The LCP Feminist Caucus presents:
Feminist Caucus in Conversation: an annual chapbook and audio project from the League of Canadian Poets. In this project, listen to members of the LCP Feminist Caucus interview each other on topics including poetry (naturally), shared identities, the writing process, family, politics, and more. The League also creates a chapbook featuring poems by the poets from the conversation series.
Grab a cup of tea or coffee and enrapture yourself in conversation with our esteemed poet guests.
The Feminist Caucus in Conversation Series 2021-2022
In the 2022 series, poets explore the concept of compassionate feminism. These are tough times we live in: pandemic inequities and our climate change emergency, and the ongoing pain of racial and economic injustice, act as clarion calls to action.
How can the essentially solitary act of making poems be sustained by a community of feminists who respect, admire and are curious about one another? How might feminist poets enact these qualities as interactions with each other? How might we as poets practice self-care and take care of each other?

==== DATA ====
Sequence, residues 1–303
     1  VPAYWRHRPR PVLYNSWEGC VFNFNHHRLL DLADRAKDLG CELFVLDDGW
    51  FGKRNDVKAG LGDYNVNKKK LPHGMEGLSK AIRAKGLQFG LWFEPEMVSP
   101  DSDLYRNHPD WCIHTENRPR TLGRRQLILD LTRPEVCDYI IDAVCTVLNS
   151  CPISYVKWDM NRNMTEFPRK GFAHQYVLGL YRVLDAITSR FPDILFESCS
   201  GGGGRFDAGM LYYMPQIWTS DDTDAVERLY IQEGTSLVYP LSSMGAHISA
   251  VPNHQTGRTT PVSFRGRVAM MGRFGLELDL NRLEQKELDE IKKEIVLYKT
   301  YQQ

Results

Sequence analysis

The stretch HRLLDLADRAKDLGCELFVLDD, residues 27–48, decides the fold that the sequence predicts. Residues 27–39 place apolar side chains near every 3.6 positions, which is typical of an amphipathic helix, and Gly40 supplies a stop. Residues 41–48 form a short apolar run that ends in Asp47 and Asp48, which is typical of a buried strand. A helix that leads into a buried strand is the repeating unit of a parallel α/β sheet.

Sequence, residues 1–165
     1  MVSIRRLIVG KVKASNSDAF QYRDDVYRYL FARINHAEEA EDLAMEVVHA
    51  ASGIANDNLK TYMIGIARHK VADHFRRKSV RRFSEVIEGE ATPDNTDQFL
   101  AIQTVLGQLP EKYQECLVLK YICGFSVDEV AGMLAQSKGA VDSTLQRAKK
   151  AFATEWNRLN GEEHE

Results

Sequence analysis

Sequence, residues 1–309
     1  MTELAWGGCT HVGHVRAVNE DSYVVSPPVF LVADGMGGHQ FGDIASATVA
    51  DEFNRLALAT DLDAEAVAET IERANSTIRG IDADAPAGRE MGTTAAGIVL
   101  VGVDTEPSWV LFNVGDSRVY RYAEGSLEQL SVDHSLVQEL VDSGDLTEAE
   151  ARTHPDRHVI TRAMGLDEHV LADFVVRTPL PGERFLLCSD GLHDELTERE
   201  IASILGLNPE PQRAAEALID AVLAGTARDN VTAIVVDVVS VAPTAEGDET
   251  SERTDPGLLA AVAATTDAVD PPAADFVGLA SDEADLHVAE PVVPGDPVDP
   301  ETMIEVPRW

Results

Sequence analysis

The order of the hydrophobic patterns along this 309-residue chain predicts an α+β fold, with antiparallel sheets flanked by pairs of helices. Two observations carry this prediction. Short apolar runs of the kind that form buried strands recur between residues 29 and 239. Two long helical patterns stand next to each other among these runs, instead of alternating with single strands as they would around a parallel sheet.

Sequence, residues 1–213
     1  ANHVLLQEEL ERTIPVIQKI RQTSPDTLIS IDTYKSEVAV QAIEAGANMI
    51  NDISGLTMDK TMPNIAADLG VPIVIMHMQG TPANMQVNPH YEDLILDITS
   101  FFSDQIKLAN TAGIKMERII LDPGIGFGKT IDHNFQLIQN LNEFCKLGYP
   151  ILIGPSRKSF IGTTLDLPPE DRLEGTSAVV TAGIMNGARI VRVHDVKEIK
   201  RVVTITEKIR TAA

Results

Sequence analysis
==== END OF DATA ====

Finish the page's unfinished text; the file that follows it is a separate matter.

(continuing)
January 19, 2022: Feminist Caucus in Conversation with Renée Sarojini Saklikar, Margo LaPierre and Grace Lau
Meet the Conversationalists
Margo LaPierre is a queer, bipolar Canadian freelance editor and author of Washing Off the Raccoon Eyes (Guernica Editions, 2017). She is newsletter editor of Arc Poetry Magazine and member of poetry collective VII. She is the winner of the 2021 Room Poetry Award and the 2020 subTerrain Lush Triumphant Award for Fiction, and was shortlisted for the 2021 Fiddlehead Creative Nonfiction Contest. She is completing her MFA in Creative Writing at UBC. Find her on Twitter @margolapierre.
Grace Lau (she/her) is a Hong-Kong-born, Chinese-Canadian writer living in Toronto. Her debut poetry collection, The Language We Were Never Taught to Speak, was published by Guernica Editions in 2021, and named one of the best books of Canadian Poetry in 2021 by CBC. Her work is published in Grain Magazine, Contemporary Verse 2, Frontier Poetry, Arc Poetry, and elsewhere.